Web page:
The Basics

image of basics window

Starting an auto-numbered paragraph is deceptively simple. See those buttons on the top row of the Paragraph section of the Home tab? The left-most one is for bullets; the next two to its right are for numbering and multi-level numbering, respectively. Simply click the button to toggle the feature on, or click on the drop-down arrow on each button to select a specific style. If you don’t like any of the delivered choices, you can click Define New to set your own.

If you use multi-level numbering, use the Increase/Decrease Indent buttons on the Home tab (just to the right of the numbering buttons in the Paragraph section) to change the numbering level of a particular paragraph. The numbering of subsequent paragraphs will self-adjust.

Making Adjustments

The first thing you will notice is the paragraph will not be indented the way you want. Microsoft has its own ideas about how your paragraphs should look, but you can override them. The quickest way is to right-click on the paragraph number you just created and choose Adjust List Indents from the menu that pops up.

If you are using the basic one-level paragraph numbering, you will get a small dialog box in which to make your adjustments:

image number 2

“Number position” is what it sounds like: how far from the left margin the number should be placed. “Text indent” is how far from the left margin you’d like your paragraph’s second and subsequent lines to wrap. Most people choose Tab character for the follow number with value, although you can also choose Space or Nothing.

If you are using multi-level numbering, the Adjust List Indents dialog box is more complex:

The values for number position (here called “aligned at”), text indent and follow number with are in the Position section at the bottom. With multi-level numbering, you also have easy access to settings that control the type of numbering at each level, the characters before and after each level’s numbers (period versus parenthesis), and the list number style (1, a, I, etc.).

Restarting/Resetting Paragraph Numbering Sequences

You can control whether your next paragraph number continues the current sequence or starts again at 1 within that same right-click menu. If one of your numbers gets out of sequence, simply right-click and choose Continue Numbering. If you want to force the number back to the beginning (say, you’re switching from interrogatories to requests for production), choose Set Numbering Value (which will also give you the option of continuing the previous list).

Adding Space Between Paragraphs

With the numbered paragraphs shown above, there is no extra spacing between the paragraphs. That’s easy to fix. Go ahead and type out at least part of your first numbered paragraph, then go to the Page Layout tab and adjust the value of Spacing After in the Paragraph section. Still no extra space? There’s one more setting to check. Click the launcher arrow in the lower right-hand corner to go to the Paragraph dialog box, uncheck the box next to “Don’t add space between paragraphs of the same style.” Click OK. That paragraph and all the remaining numbered ones will have more breathing room.

Placing an Unnumbered Paragraph in the Middle

You will occasionally want to place an unnumbered paragraph in the middle of a sequence, but the moment you hit Enter, another paragraph number pops up. No worries. Simply toggle paragraph numbering off by pressing the paragraph numbering button you used for the previous paragraph. (If you use the button’s drop-down, choose None as the numbering scheme.) Unfortunately, the paragraph settings won’t revert to Normal here; it’ll usually have the paragraph indented 0.25. Use the keyboard shortcut CTRL+Q to strip paragraph settings out, then revise the formatting as you wish.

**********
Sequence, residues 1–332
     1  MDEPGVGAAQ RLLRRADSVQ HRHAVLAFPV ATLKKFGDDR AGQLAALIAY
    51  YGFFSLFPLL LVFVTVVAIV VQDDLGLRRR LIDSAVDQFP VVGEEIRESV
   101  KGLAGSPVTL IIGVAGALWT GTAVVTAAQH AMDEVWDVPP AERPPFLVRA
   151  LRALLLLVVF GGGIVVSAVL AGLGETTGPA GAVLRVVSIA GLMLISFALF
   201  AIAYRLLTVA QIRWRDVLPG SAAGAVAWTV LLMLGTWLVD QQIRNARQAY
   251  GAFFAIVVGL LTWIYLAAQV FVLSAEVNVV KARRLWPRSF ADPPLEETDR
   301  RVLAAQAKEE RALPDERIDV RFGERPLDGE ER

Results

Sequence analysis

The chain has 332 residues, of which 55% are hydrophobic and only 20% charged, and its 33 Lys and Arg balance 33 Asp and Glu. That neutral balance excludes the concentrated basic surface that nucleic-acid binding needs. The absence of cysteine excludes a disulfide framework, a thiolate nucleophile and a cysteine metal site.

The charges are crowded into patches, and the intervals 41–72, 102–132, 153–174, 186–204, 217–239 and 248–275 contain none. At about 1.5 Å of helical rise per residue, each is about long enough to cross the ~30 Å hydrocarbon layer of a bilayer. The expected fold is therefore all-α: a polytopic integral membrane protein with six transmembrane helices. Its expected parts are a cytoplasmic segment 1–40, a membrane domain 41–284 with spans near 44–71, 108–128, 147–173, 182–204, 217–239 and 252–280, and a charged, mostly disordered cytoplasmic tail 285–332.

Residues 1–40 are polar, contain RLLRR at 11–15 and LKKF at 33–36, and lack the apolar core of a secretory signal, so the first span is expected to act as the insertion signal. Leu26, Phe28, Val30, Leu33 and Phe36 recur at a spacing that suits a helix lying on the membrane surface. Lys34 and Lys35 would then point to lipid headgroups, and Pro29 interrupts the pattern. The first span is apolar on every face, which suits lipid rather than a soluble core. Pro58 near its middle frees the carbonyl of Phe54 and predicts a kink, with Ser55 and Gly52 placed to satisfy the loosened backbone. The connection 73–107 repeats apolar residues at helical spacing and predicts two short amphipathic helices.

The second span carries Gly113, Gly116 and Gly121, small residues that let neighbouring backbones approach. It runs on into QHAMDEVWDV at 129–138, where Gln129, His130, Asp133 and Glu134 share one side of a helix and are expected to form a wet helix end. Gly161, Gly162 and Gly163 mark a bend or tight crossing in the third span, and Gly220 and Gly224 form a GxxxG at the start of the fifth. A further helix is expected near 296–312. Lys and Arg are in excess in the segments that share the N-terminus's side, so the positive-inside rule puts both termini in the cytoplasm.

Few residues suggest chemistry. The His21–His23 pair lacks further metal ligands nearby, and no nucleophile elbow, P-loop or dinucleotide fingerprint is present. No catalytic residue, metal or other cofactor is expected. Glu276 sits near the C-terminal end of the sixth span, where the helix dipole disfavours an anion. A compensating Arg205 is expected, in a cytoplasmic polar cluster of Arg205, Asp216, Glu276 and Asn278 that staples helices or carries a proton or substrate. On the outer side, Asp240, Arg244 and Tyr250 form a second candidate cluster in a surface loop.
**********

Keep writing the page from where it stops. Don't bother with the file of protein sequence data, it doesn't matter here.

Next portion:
When you are ready to re-start numbering, you can use the technique above, or you can do what I do (which I think is faster): place your cursor inside a numbered paragraph above, click the Format Painter (the paintbrush icon on the Home tab under Clipboard), then click on the line where you want to restart numbering. Using Format Painter this way solves several paragraph numbering problems (the number sequence, indents, and inter-paragraph spacing) simultaneously.

Making Your Own Paragraph Numbering Scheme

Starting with Word’s default settings and tweaking from there becomes tiresome around the umpteenth time you have to do it. The only cure for that is to make your own numbering scheme, complete with all the number/prefix/suffix/paragraph spacing settings you want.
As far as detailed instructions go, I can hardly do better than Microsoft MVP Shauna Kelly’s master tutorial (see the “Create a list style” section).

It’s a Trade-off

If automatic paragraph numbering is this much trouble, why do it? Frankly, in some situations—a short set of paragraphs will probably remain static throughout editing— simply typing the numbers in as text makes more sense. But if you want the increased flexibility that automatic numbering can give you during the editing process, these tricks are worth learning.

image of Deborah SavadraAbout the Author
Deborah Savadra is editor and chief blogger at Legal Office Guru. Her 22-page Fast Formatting Fixes guide can solve virtually any Microsoft Word formatting problem in two or three keystrokes. You can follow her on Twitter at @legalofficeguru

Source:  https://lawyerist.com/91553/taming-microsoft-words-paragraph-numbering-feature/


3. Did You Know....Articles?

LexisNexis to Retire lexis.com Service, Upgrade Customers to Lexis Advance Legal Information Solution Over Next 12 Months

LexisNexis® announced on 12/19/16 that it will retire its legacy online legal research service, lexis.com® and will move U.S. legal professionals to the company’s Lexis Advance® solution.
Launched in 1997, lexis.com is considered a comprehensive online legal research service.  LexisNexis launched its next generation legal information solution, Lexis Advance, several years ago. Since then, the company has continually enhanced the product by integrating its collection of legal, news, business and public records content and by adding analytical tools and access to new solutions not available on lexis.com.